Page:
Pontius, F.W. [AWWA, Denver, CO (United States)

1997-03-01

466

Mechanical regulation of secondary chondrogenesis.  

PubMed

The development of the skull is characterised by its dependence upon epigenetic influences. One of the most important of these is secondary chondrogenesis, which occurs following ossification within certain membrane bone periostea, as a result of biomechanical articulation. We have studied the genesis, character and function of the secondary chondrocytes of the quadratojugal of the chick between embryonic days 11 and 14. Analysis of gene expression revealed that secondary chondrocytes formed coincident with Sox9 upregulation from a precursor population expressing Cbfa1/Runx2: a reversal of the normal sequence. Such secondary chondrocytes rapidly acquired a phenotype that is a compound of prehypertrophic and hypertrophic chondrocytes, exited from the cell cycle and upregulated Ihh. Pulse and pulse/chase experiments with BrdU confirmed the germinal region as the highly proliferative source of the secondary chondrocytes, which formed by division of chondrocyte-committed precursors. By blocking Hh signalling in explant cultures we show that the enhanced proliferation of the germinal region surrounding the secondary chondrocytes derives from this Ihh source. Additionally, in vitro studies on membrane bone periosteal cells (nongerminal region) demonstrated that these cells can also respond to Ihh, and do so both by enhanced proliferation and precocious osteogenesis. Despite the pro-osteogenic effects of Ihh on periosteal cell differentiation, mechanical articulation of the quadratojugal/quadrate joint in explant culture revealed a negative role for articulation in the regulation of osteocalcin by germinal region descendants. Thus, the mechanical stimulus that is the spur to secondary chondrocyte formation appears able to override the osteogenic influence of Ihh on the periosteum, but does not interfere with the cell cycle-promoting component of Hh signalling. PMID:16912408

Archer, Charles W; Buxton, Paul; Hall, Brian K; Francis-West, Philippa

2006-01-01

467

Regulation of potato tuber sprouting.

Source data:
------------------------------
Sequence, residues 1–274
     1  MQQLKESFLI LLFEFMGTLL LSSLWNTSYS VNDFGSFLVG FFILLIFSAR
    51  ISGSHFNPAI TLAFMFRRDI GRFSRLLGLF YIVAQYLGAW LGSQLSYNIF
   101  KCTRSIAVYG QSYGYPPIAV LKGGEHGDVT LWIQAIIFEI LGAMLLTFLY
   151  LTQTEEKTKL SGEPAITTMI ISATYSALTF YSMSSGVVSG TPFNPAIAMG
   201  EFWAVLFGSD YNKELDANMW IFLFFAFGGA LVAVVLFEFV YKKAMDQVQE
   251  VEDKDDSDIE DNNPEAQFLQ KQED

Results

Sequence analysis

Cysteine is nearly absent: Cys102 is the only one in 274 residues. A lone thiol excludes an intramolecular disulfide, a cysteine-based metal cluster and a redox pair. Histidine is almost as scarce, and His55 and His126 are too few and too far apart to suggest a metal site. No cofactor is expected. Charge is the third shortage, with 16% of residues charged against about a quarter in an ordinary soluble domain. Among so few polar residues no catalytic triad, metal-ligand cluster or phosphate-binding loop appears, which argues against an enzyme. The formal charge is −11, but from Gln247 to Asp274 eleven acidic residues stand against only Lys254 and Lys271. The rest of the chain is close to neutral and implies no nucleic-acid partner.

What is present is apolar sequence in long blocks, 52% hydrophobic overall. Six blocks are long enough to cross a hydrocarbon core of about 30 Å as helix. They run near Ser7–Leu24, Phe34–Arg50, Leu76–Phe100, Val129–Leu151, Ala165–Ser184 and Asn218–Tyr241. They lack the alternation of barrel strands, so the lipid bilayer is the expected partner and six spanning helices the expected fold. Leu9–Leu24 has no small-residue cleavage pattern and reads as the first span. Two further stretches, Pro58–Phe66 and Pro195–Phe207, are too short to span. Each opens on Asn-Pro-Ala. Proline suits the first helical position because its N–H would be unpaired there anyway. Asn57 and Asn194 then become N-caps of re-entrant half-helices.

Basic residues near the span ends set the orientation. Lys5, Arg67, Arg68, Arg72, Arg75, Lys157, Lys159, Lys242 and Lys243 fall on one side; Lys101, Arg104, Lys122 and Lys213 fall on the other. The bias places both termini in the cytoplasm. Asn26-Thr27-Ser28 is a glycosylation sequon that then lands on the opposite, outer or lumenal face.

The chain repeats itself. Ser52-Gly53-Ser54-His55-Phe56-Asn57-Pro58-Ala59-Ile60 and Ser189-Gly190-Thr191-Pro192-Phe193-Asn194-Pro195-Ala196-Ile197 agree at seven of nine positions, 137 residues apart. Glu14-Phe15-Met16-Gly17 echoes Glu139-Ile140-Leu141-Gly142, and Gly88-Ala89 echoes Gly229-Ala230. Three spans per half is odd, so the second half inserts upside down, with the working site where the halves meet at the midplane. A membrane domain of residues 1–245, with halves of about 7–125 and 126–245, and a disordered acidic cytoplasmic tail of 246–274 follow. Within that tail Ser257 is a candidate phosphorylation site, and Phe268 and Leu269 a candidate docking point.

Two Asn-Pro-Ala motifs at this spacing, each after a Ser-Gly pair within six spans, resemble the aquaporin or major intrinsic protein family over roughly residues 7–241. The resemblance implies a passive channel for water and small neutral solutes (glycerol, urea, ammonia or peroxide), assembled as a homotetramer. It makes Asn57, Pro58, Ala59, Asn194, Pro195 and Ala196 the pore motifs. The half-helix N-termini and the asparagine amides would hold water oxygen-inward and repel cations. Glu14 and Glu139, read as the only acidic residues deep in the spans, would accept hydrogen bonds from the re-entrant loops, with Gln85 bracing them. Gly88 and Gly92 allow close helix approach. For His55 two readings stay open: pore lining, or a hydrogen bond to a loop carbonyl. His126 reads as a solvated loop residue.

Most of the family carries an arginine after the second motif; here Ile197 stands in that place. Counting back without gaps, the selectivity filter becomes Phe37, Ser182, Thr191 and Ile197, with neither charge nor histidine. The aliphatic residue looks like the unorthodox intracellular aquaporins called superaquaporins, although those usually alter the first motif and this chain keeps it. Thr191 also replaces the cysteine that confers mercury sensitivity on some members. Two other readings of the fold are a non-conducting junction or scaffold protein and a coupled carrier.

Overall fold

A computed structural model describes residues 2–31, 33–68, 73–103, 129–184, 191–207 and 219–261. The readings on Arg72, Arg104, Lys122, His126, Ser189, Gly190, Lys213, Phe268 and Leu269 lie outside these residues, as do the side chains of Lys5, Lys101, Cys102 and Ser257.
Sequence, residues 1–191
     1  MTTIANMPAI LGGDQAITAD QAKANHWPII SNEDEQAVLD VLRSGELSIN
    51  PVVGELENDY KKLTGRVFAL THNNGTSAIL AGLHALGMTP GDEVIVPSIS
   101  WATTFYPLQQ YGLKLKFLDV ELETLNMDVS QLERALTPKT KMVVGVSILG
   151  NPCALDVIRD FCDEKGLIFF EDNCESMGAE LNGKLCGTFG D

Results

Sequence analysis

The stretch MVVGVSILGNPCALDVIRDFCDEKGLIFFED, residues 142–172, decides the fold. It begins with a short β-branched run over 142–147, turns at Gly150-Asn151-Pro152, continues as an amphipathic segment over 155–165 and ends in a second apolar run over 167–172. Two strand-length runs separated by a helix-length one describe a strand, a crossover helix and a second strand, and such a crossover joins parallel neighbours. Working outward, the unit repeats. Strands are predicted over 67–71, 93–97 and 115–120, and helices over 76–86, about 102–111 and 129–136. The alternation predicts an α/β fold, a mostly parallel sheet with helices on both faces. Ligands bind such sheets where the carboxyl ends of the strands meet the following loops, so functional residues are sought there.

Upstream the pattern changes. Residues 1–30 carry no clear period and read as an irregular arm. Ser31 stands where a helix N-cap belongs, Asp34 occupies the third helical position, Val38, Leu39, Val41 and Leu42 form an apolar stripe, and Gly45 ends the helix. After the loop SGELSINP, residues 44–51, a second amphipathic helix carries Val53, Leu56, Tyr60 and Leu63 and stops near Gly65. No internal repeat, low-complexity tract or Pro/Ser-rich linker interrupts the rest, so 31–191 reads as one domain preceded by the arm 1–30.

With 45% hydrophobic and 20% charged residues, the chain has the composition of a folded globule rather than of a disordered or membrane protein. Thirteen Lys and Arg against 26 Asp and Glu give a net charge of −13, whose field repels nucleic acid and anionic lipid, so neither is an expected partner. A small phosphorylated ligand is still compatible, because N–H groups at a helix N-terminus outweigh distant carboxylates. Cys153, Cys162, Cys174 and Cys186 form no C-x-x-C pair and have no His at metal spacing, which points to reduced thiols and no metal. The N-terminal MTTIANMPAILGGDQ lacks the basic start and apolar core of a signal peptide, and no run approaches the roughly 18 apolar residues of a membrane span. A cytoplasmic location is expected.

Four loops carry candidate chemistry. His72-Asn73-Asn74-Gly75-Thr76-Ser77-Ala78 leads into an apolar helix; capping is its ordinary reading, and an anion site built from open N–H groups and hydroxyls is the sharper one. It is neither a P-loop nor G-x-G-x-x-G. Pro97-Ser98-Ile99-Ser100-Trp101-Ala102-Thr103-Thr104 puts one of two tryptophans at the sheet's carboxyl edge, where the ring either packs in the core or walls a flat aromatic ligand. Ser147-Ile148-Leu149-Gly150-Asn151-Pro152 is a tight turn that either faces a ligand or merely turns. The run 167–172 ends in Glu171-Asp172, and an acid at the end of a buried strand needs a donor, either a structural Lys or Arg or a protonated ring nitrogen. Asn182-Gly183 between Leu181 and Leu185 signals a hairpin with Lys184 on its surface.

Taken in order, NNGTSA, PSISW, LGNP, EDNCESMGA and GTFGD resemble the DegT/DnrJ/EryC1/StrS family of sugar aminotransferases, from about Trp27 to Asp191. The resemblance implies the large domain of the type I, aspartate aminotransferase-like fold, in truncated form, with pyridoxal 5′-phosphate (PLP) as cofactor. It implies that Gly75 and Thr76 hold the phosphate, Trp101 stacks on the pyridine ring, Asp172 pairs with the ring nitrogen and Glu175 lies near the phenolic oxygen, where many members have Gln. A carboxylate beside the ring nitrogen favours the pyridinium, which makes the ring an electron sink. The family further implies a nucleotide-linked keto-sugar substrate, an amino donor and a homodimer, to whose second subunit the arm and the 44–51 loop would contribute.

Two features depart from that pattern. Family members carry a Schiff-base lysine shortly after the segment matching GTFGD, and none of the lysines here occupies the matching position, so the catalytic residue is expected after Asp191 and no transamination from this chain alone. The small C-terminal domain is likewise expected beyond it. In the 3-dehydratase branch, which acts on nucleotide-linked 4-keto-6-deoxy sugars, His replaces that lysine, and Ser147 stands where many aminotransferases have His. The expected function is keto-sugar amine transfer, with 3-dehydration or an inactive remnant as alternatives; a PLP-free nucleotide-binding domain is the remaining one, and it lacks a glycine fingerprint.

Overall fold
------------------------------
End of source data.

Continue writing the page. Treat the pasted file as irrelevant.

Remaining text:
PubMed

Following tuber induction, potato tubers undergo a period of dormancy during which visible bud growth is inhibited. The length of the dormancy period is under environmental, physiological and hormonal control. Sucrose availability is one prerequisite for bud break. In the absence of sucrose, no bud break occurs. Thus, sucrose is likely to serve as nutrient and signal molecule at the same time. The mode of sucrose sensing is only vaguely understood, but most likely involves trehalose-6-phosphate and SnRK1 signalling networks. This conclusion is supported by the observation that ectopically manipulation of trehalose-6-phosphate levels influences the length of the dormancy period. Once physiological competence is achieved, sprouting is controlled by the level of phytohormones. Two phytohormones, ABA and ethylene, are supposed to suppress tuber sprouting; however, the exact role of ethylene remains to be elucidated. Cytokinins and gibberellins are required for bud break and sprout growth, respectively. The fifth classical phytohormone, auxin, seems to play a role in vascular development. During the dormancy period, buds are symplastically isolated, which changes during bud break. In parallel to the establishment of symplastic connectivity, vascular tissue develops below the growing bud most likely to support the outgrowing sprout with assimilates mobilised in parenchyma cells. Sprouting leads to major quality losses of stored potato tubers. Therefore, control of tuber sprouting is a major objective in potato breeding. Although comparative transcriptome analysis revealed a large number of genes differentially expressed in growing versus dormant buds, no master-regulator of potato tuber sprouting has been identified so far. PMID:24100410